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Catching up with goings on at 67P…

If you’re a regular reader you’ll have noticed a break in our programmes over the past week or so. That;s because I was, as we used to say in the days of the early internet, “AFK” (“Away From Keyboard”) . yes, I do occasionally put my laptop down, venture out into the Real World and do.. stuff… and last weekend Stella and I headed up to the wilds of Northumberland to attend the Autumn 2014 Kielder Starcamp. I didn’t go completely cold turkey on Rosetta tho; while I was there I downloaded the latest images whilst huddled over my laptop in the campsite “warm room” – a little refuge from the driving rain and howling wind which traditionally batter the campsite during astronomy events held there – and I gave an illustrated talk about Rosetta’s mission during the Saturday “speakers” session, which went down really well, and afterwards many people told me that they hadn’t really been aware of the mission before but were very excited about the Nov 12th landing after my presentation. So, job done there, I think! 🙂

Anyway, back in civilisation now, and time to catch up with what’s been happening out  there at 67P…

First, and I’m sure many of you will already have seen  this by now, an absolutely STUNNING short sci fi film, referring to the Rosetta mission, has been released, and it is a feast for both eye and imagination. I am not even going to try to describe it here, there’s just no point. Instead, if you haven’t seen it yet – or even if you have, and just want to drool over it again – here’s a link to the film…


But what about the real comet, and the Rosetta mission? Since I headed north quite a few new images have been released, so here’s a “catch up gallery” of them, and some enhanced crops I made from them…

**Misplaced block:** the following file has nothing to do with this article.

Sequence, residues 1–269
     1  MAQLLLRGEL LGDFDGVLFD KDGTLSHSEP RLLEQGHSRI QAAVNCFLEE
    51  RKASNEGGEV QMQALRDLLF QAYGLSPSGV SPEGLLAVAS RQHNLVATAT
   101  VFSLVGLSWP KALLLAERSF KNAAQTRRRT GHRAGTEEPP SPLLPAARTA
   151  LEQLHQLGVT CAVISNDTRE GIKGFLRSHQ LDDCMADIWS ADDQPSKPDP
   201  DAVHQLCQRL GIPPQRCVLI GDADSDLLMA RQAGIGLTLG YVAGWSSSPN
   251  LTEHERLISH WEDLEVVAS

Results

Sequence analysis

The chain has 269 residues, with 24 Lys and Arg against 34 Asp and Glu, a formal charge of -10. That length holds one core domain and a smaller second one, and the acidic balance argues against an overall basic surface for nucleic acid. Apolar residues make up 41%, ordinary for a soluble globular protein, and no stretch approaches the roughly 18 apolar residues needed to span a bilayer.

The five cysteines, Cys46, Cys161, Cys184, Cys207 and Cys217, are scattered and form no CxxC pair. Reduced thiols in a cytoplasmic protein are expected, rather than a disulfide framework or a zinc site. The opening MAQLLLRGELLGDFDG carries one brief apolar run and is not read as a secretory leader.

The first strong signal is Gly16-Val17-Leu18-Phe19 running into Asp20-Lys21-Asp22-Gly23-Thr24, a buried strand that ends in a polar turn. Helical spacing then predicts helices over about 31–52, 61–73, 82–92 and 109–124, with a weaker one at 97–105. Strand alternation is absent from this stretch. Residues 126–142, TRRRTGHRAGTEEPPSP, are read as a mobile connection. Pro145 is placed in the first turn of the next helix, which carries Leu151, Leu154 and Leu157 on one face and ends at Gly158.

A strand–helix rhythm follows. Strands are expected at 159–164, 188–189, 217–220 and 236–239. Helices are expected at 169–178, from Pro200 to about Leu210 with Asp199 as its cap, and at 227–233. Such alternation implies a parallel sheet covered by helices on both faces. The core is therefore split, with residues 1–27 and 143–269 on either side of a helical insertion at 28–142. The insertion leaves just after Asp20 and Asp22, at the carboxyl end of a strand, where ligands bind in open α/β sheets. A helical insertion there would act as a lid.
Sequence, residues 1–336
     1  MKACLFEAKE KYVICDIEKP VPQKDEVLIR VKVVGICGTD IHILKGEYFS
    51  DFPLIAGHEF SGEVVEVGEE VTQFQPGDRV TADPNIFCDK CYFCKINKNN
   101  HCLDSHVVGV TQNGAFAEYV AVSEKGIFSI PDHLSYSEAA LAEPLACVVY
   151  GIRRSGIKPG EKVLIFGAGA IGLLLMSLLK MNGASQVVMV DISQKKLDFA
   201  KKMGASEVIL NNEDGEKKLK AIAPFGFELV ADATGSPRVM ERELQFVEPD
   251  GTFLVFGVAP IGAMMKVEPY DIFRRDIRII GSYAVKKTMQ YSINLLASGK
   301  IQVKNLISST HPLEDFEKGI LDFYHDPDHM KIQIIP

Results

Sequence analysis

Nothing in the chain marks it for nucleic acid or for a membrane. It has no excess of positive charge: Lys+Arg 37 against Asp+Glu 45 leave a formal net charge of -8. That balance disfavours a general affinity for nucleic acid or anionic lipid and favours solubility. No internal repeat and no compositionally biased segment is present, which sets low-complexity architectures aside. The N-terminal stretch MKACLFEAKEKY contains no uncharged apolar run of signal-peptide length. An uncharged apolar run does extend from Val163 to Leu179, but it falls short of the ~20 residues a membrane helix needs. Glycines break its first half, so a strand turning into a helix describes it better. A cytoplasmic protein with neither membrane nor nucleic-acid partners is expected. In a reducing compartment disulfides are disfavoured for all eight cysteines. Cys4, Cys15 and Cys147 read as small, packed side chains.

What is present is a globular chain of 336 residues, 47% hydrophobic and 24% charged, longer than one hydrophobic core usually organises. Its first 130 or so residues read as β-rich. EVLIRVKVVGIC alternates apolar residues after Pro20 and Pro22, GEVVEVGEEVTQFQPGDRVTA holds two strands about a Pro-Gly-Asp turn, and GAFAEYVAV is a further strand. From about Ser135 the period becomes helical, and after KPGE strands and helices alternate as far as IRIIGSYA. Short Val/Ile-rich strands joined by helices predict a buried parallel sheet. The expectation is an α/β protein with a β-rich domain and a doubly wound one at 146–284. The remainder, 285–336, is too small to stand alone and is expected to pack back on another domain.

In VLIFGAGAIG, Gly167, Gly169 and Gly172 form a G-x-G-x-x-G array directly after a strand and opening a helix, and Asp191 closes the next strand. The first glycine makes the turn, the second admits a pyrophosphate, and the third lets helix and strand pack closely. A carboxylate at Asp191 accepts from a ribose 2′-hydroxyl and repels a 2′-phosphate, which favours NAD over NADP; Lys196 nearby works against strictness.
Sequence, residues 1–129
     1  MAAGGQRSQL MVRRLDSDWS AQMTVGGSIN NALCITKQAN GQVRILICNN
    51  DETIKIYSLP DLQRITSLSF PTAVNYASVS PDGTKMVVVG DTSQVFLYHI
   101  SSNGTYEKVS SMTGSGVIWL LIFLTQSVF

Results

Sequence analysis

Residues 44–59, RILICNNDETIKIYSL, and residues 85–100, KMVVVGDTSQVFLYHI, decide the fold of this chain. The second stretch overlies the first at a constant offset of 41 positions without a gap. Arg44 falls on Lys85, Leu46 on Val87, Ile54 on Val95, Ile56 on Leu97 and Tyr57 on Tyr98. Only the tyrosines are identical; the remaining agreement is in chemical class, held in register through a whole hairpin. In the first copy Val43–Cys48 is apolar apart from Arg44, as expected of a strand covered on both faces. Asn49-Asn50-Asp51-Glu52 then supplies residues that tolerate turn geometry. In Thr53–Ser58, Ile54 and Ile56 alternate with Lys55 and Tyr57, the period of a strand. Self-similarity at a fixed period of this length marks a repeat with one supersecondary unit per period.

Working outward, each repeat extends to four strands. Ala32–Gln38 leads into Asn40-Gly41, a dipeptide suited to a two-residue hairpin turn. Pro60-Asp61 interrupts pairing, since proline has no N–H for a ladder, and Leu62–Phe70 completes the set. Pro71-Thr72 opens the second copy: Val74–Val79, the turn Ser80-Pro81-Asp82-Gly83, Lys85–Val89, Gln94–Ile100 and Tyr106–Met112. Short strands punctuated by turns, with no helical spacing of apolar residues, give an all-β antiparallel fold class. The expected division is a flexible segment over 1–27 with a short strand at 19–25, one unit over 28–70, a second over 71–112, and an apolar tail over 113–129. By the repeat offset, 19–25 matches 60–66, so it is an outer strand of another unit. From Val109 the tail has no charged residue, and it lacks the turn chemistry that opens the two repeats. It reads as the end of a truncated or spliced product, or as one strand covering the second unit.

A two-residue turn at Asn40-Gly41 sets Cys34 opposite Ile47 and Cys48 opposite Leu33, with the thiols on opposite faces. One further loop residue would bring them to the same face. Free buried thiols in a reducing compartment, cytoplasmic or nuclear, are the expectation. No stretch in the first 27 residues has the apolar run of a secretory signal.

WOW! Look at all that activity! And that was what was happening to 67P WEEKS ago, it’s an old image; the comet must be going absolutely nuts by now! Even more remarkable, that’s – you might want to sit down before I say this – an OSIRIS image!!! No, really, it is, it’s true… Here’s another…


Some more images…


That’s the latest ESA-produced mosaic of a quartet of navcam images, this time a set taken on October 24th. Again you can see that because the comet has rotated relative to the spacecraft between exposures it’s just not possible to make them into a single, seamless image, but there is now so much detail visible to ROSETTA’s navcam that it’s wonderful to just roam around its images, picking out sections of the landscape and isolating and enhancing them. Which is what I’ve done here…


Now, that’s another view of those “enigmatic dunes” spotted a week or so ago. Meanwhile, elsewhere…


That’s a close up of the “crack” many people are so fascinated by. Is it a crack, a sign that the twin lobes of 67P are in danger of splitting? Or is it just an old fissure in the ground that we’re seeing “open up” as material on its sides is dislodged by the comet’s thawing and falling into it? Time will tell…


Now, I love that view, it’s so…busy. All those ledges, plateaus and peaks, that’s a mountain climber’s paradise right there I reckon, and a planetary geologist’s, too…


…but that’s my favourite this time round… you really can imagine walking along that terrace, towards and then past the huge boulder sitting on it, moving on to the edge of the cliff and then staring down… and down… and down

More soon, check back, ok?


One Response

  1. […] DĂĽnenfeld und auch einem markanten Riss in der Oberfläche des Kometen [NACHTRAG: die ĂĽblichen Kommentare dazu]. Derweil hat Chinas neue Mission den Mond erreicht, zahlreiche alte Surveyor-Daten werden […]

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